It would be hard to match last week’s Rate the Dress pick for sheer impact, so this week I’ve selected something a little simpler: a mid ’20s evening dress with a sense of fun and whimsicality, and a possible provenance to Poiret. Will you find it no less loveable (or no less hateable)? Let’s find out!
Last week: a c. 1892 Pingat ‘tea dress’ or tea gown
I knew when I posted the Pingat tea gown that it was going to elicit very strong reactions, good or bad. Some of you just loved it. Some of you loved it for sheer chutzpah. Some of you thought it was hideous, but were impressed by the design impact. And some of you thought it was just hideous.
(I fell into camp 3. I couldn’t help but to admit the dress was effective, but I just couldn’t like it!).
The Total: 8.5 out of 10
Forget the dress rating. Go check out the comments! 10/10 for those!
This week: a ca. 1925 playing card themed evening dress, possibly by Poiret
It’s coming up to Art Deco Weekend in Napier. Sadly I won’t be making it this year, but I’m using it as inspiration for this week’s Rate the Dress pick.
This dress was sold at auction in 2011. According to family history it was hand-painted by Poiret for one of his seamstresses (the grandmother of the seller) and worn to a ball held by the Compte de Beaumont.
The attribution to Poiret’s workshop isn’t confirmed. The dress does have design elements similar to his work. The gathered skirt at the natural waist and asymmetrical neckline are both details he used in numerous garments.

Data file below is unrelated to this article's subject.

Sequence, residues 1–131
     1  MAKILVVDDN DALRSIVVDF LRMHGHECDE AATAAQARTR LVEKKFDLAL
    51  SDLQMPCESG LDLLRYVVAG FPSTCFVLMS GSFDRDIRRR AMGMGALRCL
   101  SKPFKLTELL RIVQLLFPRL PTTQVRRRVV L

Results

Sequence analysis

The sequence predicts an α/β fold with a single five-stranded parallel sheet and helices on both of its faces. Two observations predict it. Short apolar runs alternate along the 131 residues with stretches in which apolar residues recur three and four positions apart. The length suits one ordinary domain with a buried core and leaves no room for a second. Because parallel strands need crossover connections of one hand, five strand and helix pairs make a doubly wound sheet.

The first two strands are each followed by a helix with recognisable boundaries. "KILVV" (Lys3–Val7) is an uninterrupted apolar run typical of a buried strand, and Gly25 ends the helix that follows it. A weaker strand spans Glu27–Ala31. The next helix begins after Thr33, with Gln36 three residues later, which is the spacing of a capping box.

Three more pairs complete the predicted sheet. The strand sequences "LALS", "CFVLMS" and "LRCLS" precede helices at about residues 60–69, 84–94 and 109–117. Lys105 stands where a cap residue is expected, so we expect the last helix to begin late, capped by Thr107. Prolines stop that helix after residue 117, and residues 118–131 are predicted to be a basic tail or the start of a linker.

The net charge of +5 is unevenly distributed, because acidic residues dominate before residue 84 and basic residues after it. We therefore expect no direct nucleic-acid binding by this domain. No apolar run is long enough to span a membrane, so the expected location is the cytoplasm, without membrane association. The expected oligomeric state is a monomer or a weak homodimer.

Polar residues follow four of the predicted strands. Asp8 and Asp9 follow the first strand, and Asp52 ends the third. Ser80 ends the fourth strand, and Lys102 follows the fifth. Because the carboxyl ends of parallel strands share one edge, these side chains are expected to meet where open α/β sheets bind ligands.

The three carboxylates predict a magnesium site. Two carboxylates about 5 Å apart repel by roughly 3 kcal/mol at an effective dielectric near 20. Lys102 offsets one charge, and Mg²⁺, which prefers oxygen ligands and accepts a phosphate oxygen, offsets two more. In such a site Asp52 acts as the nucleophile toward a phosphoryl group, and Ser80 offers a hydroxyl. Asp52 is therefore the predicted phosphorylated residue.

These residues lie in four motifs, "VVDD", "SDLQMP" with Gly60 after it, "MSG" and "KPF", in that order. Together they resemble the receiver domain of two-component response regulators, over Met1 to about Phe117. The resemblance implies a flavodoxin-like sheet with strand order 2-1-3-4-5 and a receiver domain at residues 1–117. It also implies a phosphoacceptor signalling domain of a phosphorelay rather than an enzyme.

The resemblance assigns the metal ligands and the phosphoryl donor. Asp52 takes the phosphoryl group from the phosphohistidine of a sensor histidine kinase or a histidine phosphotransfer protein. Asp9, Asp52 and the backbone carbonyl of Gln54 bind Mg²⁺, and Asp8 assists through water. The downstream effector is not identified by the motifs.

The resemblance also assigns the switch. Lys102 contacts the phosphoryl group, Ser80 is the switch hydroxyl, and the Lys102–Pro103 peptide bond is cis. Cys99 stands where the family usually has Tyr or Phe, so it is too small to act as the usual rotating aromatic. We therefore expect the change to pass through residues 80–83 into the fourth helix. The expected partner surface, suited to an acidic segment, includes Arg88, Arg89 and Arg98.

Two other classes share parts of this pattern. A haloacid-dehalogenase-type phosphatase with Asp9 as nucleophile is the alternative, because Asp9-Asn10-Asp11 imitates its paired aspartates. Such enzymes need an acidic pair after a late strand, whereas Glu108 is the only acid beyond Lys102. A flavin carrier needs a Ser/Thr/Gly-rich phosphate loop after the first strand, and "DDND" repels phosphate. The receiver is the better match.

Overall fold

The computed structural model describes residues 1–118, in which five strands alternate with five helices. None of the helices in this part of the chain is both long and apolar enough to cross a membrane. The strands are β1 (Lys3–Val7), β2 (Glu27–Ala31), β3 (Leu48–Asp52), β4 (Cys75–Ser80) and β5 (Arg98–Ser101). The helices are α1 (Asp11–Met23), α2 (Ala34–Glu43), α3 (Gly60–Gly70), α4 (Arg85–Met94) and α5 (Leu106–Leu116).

As a designer Poiret wasn’t known for his polished finishes. His garments were meant for overall impact, rather than close inspection. His relatively ‘crude’ sewing, however, rarely showed on the outside of garments. I’ve always felt that the description was someone in comparison to the other great design houses of the ‘teens, who were known for their exquisite detailing.
Whatever this garment looks like on the inside, from the exterior the dress has some nice finishing touches. The multiple rows of shirred gathering control the fullness of the skirt and help it to drape beautifully. Narrow white bindings or borders on the sleeves and neck are echoed in the skirt hem, pulling the shape of the dress together, and emphasising the angles.
The dress is presented for auction sale rather than museum display, so it’s still a bit crumpled, and lacks the fullness that a real body and the proper undergarments would provide. Even as it is, the intent of the garment is still clearly visible.
What do you think? Is this dress coming up trumps? Is it queen of your heart? A royal flush?* Or should it just be flushed?
Rate the Dress on a Scale of 1 to 10
(as usual, nothing more complicated than a .5. I also hugely appreciate it if you only do one rating, and set it on a line at the very end of your comment, so I can find it! Thanks in advance!)
* Did I get those right? I’m not very good at card analogies. Mr D & his cousins banned me from the family poker games when I kept mixing up poker & pool (I think it’s perfectly understandable. One has a pool and you poke things in the other – clearly the names are wrong, not me. (also the part where I kept winning while telling them exactly what I had – they just couldn’t believe someone would be that honest, and kept expecting that this time I must be lying. They thought it was bad form)).